‘Who was that?’ I point to the now blank screen.

Peirene shrugs her shoulders. ‘What do you mean? … Nothing. I’m just doing some research.’

‘At 2 o’clock in the morning?’

She nods. ‘I couldn’t sleep… because… because.’ She suddenly clicks the internet window open again. She clearly can no longer wait to show me. ‘Look, isn’t he handsome,’ she coos.

I glance over her shoulder. ‘Roberto Calasso, the Italian publisher,’ I notice in surprise.

Peirene nods dreamily. ‘I’ve just finished reading his new book The Art of the Publisher. He and I are soul mates.’ She sighs. ‘He knows my heart.’ She picks up the book. ‘Listen to this: “All books published by a certain publisher… are fragments in a single work.” The art of publishing is “the capacity to give form to a plurality of publications as though they were the chapters making up one book.”’ Peirene strokes the man’s cheek on her screen. ‘Isn’t that precisely what we are doing? But neither you nor I were ever able to express it so succinctly.’

‘It’s a rare little book, ‘ I agree. ‘It made me feel proud and dignified of our profession like nothing else I’ve ever read. But…’I pause, wondering for a second how to persuade Peirene to get some sleep. ‘I’m sure Calasso wouldn’t approve of wasting one’s valuable sleep time in front of the internet.’

The Nymph shakes her head. ‘He and I are in communion tonight. I feel it. I will stay up a little bit longer.’

I decide to let her be and scurry back to my bed. At least one of us needs to be well-rested.

Image by Zabara Alexander, creative commons.

The Return

Sunday, October 25th, 2015

‘Hi,’ I say cheerfully, putting down my bags. I have just come back from my writer’s retreat last week.5773394922_a2d9deb440_z

‘Hi,’ Peirene replies without looking up from her work.

‘I’m back,’ I say. I would love to have a catch-up chat.

‘I can see that,’ she mumbles, still not turning her head.

‘Are you angry?’ She usually punishes me with a bad mood if I have been out of the office for too long.

She shakes her head.

‘Good,’ I reply. ‘I had a productive week. But quite austere,’ I add. My retreats consist of renting a lonely cottage in Norfolk where I don’t see or speak to anyone, so hearing my own voice again is delight, and I continue: ‘Let me tell you my daily routine: I start work at 8 on the dot, write the first 1000 words by 11, then stop for a late breakfast. Then write the next 1000 words by 2, then have lunch, a bit of a rest, go for a run or walk, have a shower. By 6 I’m back writing the final 1000 words of the day. Eat something, read for an hour. Lights out. I hit my target of 15000 words,’ I finish proudly.

No responds or acknowledgement from the Nymph. I pull a face, sit down and start going through the pile of post that has accumulated. For a while the only sounds in the office are the tearing open of envelopes and the Nymph’s tapping on the keyboard. Suddenly I hear her whisper:

‘I’m pretending you haven’t come back yet.’

‘Why?’ I ask in a normal voice.

‘Ps, speak quietly,’ she reprimands me in a hushed voice.

‘Ok, why,’ I, too, whisper.

‘Because good things tend to happen when you are away.’

‘Such as?’ I’m all ears.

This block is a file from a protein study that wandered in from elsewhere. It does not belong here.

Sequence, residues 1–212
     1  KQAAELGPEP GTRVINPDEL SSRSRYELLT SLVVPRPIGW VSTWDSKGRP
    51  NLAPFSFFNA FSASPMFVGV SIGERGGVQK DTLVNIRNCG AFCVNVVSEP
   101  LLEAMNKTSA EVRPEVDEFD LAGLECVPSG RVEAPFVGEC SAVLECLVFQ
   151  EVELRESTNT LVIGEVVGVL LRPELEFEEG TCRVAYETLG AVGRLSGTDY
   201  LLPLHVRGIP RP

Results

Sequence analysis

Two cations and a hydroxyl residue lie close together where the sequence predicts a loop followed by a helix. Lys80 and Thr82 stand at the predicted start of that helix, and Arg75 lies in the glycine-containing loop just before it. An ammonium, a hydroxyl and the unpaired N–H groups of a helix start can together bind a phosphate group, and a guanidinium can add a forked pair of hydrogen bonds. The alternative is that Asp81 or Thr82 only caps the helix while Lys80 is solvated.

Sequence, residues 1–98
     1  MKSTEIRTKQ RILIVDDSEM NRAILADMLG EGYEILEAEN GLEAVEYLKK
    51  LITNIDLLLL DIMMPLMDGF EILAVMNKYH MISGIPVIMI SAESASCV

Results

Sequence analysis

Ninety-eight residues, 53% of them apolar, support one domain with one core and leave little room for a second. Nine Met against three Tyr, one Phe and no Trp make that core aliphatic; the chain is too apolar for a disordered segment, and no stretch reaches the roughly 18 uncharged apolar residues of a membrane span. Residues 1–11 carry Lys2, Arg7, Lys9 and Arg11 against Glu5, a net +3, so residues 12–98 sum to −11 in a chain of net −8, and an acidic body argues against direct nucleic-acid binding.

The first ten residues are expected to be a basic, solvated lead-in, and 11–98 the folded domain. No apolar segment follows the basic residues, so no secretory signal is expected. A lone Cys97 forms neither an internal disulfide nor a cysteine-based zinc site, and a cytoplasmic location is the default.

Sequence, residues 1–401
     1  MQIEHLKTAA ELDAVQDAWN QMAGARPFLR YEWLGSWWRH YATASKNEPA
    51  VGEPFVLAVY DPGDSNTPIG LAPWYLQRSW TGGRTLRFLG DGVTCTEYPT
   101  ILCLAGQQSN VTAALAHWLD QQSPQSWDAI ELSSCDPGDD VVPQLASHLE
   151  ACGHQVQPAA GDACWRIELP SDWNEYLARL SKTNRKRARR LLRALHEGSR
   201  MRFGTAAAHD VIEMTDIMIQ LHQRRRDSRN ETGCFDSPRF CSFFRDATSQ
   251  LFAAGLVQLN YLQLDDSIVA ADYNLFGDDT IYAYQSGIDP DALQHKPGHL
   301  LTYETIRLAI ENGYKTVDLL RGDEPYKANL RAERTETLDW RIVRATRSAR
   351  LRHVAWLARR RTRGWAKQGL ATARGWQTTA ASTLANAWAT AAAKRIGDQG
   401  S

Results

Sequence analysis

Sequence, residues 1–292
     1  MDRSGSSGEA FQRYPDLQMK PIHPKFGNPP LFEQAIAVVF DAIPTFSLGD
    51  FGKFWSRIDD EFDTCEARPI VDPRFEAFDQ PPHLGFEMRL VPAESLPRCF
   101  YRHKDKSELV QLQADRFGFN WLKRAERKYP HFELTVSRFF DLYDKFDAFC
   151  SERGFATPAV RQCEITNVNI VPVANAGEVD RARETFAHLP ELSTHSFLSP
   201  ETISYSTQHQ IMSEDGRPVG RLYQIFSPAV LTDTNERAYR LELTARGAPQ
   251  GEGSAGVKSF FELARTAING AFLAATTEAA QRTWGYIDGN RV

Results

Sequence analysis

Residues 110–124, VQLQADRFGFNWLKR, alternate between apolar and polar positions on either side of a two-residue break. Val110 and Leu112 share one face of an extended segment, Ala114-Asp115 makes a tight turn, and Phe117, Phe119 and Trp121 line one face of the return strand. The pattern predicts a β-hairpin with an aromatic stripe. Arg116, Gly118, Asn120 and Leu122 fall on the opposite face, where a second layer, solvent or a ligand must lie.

‘Well, this time we learned that BBC Radio 3 is going to do a programme with Hanne Ørstavik, Radio 4 ‘s A Good Read will feature The Dead Lake and Born Films have told us that their English screen adaption of Jan van Mersbergen’s Tomorrow Pamplona is progressing beautifully.’

‘Wow!’ I shout, jumping up and rushing over to Peirene to give her hug.

‘Oh, now you’ve broken the spell with your racket.’ She pretends to be upset but I can see that she is thrilled to be the bearer of good tidings.

We have a coffee. It’s nice to be back in Peirene’s company. She’s matured a lot over the last year and increasingly is able to run large parts of the publishing house herself. Nevertheless she loves to ensure that I don’t become underemployed. She points to a big box in the corner. ‘This has also arrived – the books for the Arts Foundation Award.’ I’m a judge on their 2016 Literary Translation prize. ‘That’ll keep you busy reading for a while,’ she adds with a little wicked smile.

Image by Graeme Law, creative commons.

All That Jazz

Monday, October 12th, 2015

Six months ago I started playing the saxophone. I used to play the piano. But it bothered me that I couldn’t hug the piano. And the sound comes from the finger-tips not from human breath. I tried singing for a couple of months. But I lacked any kind3412321187_41025668ec_m of talent. So a wind instrument was the next best option. I love Jazz and have always dreamed about joining a Jazz band.

‘You still have a long way to go,’ the Nymph comments as I return to my desk after what felt to me was rather quite a good practice session.

‘You ought to encourage me,’ I reply in a hurt tone. ‘Learning a new instrument will help me choose better books.’

Peirene raises an eyebrow. ‘That sounds pretty far fetched to me.’

‘It’s not.’ I’m aware of my defensive tone. After all, I do feel guilty taking time away from my work in order to practice for my weekly lesson. And admittedly I have already thought long and hard of how to justify my new passion to Peirene. I breathe deeply in and out and continue more calmly: ‘As we both know, good writing has a lot to do with rhythm. The more rhythm I have in my blood, the quicker I recognize good texts and the better I become in editing the translations, too.’

‘Interesting theory.’ Peirene turns her attention away from me and begins to type on her computer. Then she stops.